Role of protein-protein interactions in the function of replication protein A (RPA): RPA modulates the activity of DNA polymerase alpha by multiple mechanisms.


Replication Protein A (RPA) from human cells is a stable complex of ...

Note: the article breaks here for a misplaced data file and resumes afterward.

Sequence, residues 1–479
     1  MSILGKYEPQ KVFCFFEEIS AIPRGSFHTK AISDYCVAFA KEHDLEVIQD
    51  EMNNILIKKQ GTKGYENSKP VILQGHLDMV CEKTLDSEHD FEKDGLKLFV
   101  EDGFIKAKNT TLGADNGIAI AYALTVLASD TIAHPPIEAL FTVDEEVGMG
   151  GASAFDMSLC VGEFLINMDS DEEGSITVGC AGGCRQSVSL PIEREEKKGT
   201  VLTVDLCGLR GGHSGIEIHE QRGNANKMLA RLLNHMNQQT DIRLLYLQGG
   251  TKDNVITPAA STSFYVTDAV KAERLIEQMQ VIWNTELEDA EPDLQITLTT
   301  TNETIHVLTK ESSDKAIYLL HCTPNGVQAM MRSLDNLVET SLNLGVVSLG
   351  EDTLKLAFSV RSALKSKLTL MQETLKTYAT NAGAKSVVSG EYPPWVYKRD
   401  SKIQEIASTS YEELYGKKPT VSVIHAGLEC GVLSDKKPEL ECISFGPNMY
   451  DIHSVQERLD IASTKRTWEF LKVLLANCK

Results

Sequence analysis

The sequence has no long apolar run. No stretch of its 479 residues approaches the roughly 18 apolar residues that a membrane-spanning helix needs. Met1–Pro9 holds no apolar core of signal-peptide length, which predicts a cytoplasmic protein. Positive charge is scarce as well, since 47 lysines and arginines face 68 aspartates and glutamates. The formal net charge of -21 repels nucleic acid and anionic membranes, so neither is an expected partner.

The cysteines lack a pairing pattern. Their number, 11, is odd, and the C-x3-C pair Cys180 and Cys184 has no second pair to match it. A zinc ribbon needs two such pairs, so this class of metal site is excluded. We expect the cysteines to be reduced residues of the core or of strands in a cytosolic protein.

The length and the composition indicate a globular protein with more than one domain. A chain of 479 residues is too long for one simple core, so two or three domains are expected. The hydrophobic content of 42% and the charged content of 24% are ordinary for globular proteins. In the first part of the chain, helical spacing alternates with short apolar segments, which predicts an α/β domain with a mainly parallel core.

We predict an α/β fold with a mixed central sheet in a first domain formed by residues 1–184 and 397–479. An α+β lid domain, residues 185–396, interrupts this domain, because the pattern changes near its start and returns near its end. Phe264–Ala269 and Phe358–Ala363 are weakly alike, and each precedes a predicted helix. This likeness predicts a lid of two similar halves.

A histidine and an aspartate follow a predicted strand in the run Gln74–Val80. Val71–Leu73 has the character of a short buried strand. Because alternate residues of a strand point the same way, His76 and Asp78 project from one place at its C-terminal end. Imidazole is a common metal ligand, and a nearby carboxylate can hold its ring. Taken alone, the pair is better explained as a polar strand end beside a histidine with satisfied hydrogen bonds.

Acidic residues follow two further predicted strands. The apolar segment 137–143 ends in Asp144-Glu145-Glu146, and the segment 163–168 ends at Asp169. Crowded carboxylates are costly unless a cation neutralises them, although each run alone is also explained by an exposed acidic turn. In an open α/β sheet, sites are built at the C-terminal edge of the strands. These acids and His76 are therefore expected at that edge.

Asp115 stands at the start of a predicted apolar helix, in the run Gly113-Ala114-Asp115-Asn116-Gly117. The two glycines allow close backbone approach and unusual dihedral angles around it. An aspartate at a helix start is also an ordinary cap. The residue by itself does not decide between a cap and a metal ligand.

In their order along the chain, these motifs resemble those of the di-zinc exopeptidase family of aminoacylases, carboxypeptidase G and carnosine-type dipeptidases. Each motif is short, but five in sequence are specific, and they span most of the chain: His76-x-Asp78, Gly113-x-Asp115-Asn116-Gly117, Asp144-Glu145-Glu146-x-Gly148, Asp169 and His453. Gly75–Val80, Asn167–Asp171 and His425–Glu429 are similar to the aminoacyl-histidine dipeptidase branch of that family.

Replication Protein A (RPA) from human cells is a stable complex of 70-, 32-, and 14-kDa subunits that is required for multiple processes in DNA metabolism. RPA binds with high affinity to single-stranded DNA and interacts with multiple proteins, including proteins required for the initiation of SV40 DNA replication, DNA polymerase alpha and SV40 large T antigen. We have used a series of mutant derivatives of RPA to map the regions of RPA required for specific protein-protein interactions and have examined the roles of these interactions in DNA replication. T antigen, DNA polymerase alpha and the activation domain of VP16 all have overlapping sites of interaction in the N-terminal half (residues 1-327) of the 70-kDa subunit of RPA. In addition, the interaction site for DNA polymerase alpha is composed of two functionally distinct regions, one (residues 1- approximately 170) which stimulates polymerase activity and a second (residues approximately 170-327) which increases polymerase processivity. In the latter, both the direct protein-protein interaction and ssDNA-binding activities of RPA were needed for RPA to modulate polymerase processivity. We also found that SV40 T antigen inhibited the ability of RPA to increase processivity of DNA polymerase alpha, suggesting that this activity of RPA may be important for elongation but not during the initiation of DNA replication. DNA polymerase alpha, but not T antigen also interacted with the 32- and/or 14-kDa subunits of RPA, but these interactions did not seem to effect polymerase activity.




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